Aggregate risk of cardiovascular disease among adolescents perinatally infected with the human immunodeficiency virus

Patel, K.; Wang, J.; Jacobson, D. L.; Lipshultz, S. E.; Landy, D. C.; Geffner, M. E.; Dimeglio, L. A.; Seage, G. R., 3rd; Williams, P. L.; Van Dyke, R. B.; Siberry, G. K.; Shearer, W. T.; Young, L.; Scott, G. B.; Wilkinson, J. D.; Fisher, S. D.; Starc, T. J.; Miller, T. L.

Circulation. 2013 Dec 25; 129(11):1204-12

Abstract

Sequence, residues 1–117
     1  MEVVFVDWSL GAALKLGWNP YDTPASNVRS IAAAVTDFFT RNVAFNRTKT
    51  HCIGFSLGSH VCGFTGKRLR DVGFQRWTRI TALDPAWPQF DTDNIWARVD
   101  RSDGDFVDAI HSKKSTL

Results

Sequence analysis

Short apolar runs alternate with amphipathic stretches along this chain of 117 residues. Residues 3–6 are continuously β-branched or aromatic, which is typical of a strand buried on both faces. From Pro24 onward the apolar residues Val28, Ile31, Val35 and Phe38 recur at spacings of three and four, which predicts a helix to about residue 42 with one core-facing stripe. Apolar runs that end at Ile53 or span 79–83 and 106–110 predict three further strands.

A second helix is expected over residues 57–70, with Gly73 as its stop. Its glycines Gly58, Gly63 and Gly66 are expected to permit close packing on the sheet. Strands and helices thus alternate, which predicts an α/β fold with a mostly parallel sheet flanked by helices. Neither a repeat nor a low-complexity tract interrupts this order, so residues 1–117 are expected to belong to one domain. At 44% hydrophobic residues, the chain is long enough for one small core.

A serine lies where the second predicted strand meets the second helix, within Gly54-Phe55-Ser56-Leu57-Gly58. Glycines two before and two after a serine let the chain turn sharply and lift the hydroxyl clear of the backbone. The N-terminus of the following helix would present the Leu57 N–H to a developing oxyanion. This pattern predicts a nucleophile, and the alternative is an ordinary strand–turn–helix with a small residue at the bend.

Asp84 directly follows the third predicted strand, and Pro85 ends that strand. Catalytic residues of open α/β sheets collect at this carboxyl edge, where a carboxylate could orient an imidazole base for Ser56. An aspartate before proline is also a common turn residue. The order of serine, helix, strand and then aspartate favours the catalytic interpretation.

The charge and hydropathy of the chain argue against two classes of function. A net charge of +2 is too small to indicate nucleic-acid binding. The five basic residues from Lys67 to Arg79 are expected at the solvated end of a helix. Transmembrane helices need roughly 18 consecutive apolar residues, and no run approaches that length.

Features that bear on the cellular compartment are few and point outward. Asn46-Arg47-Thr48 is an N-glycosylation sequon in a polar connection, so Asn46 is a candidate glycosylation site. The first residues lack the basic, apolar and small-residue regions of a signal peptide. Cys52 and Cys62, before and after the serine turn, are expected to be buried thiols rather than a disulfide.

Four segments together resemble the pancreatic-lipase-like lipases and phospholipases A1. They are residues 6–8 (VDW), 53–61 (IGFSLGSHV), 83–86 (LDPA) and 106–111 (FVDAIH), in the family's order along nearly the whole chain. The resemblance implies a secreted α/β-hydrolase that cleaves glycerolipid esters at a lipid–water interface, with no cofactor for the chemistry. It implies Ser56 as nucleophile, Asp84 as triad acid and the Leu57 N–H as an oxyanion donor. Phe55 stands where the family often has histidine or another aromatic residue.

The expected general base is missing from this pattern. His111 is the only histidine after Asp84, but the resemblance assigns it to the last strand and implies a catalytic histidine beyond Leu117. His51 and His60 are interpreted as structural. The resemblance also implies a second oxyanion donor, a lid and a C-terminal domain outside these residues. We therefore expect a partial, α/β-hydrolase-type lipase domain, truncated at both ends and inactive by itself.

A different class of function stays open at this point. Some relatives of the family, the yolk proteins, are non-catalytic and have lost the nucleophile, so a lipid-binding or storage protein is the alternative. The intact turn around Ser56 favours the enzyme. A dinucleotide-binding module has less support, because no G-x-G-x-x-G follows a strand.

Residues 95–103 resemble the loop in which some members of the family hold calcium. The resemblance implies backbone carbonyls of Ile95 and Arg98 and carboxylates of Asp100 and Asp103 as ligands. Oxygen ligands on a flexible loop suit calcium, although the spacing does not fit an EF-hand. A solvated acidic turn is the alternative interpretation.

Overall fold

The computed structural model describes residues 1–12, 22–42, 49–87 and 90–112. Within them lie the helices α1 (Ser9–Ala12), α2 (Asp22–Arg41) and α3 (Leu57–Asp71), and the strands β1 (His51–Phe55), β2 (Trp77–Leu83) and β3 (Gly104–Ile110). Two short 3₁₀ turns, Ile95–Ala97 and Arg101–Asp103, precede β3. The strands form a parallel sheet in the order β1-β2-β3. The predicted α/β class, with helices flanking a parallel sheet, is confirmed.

BACKGROUND: Perinatally HIV-infected adolescents may be susceptible to aggregate atherosclerotic cardiovascular disease risk, as measured by the Pathobiological Determinants of Atherosclerosis in Youth (PDAY) coronary arteries and abdominal aorta risk scores, as a result of prolonged exposure to HIV and antiretroviral therapy. METHODS AND RESULTS: Coronary arteries and abdominal aorta PDAY scores were calculated for 165 perinatally HIV-infected adolescents, using a weighted combination of modifiable risk factors: dyslipidemia, cigarette smoking, hypertension, obesity, and hyperglycemia. Demographic and HIV-specific predictors of scores >/=1 were identified, and trends in scores over time were assessed. Forty-eight percent and 24% of the perinatally HIV-infected adolescents had coronary arteries and abdominal aorta scores >/=1, representing increased cardiovascular disease risk factor burden. Significant predictors of coronary arteries scores >/=1 included male sex, history of an AIDS-defining condition, longer duration of use of a ritonavir-boosted protease inhibitor, and no prior use of tenofovir. Significant predictors of abdominal aorta scores >/=1 included suppressed viral load, history of an AIDS-defining condition, and longer duration of boosted protease inhibitor use. No significant changes in coronary arteries and abdominal aorta risk scores were observed over the 4-year study period. CONCLUSIONS: A substantial proportion of perinatally HIV-infected youth have high PDAY scores, reflecting increased aggregate atherosclerotic cardiovascular disease risk factor burden. High scores were predicted by HIV disease severity and boosted protease inhibitor use. PDAY scores may be useful in identifying high-risk youth who may benefit from early lifestyle or clinical interventions.

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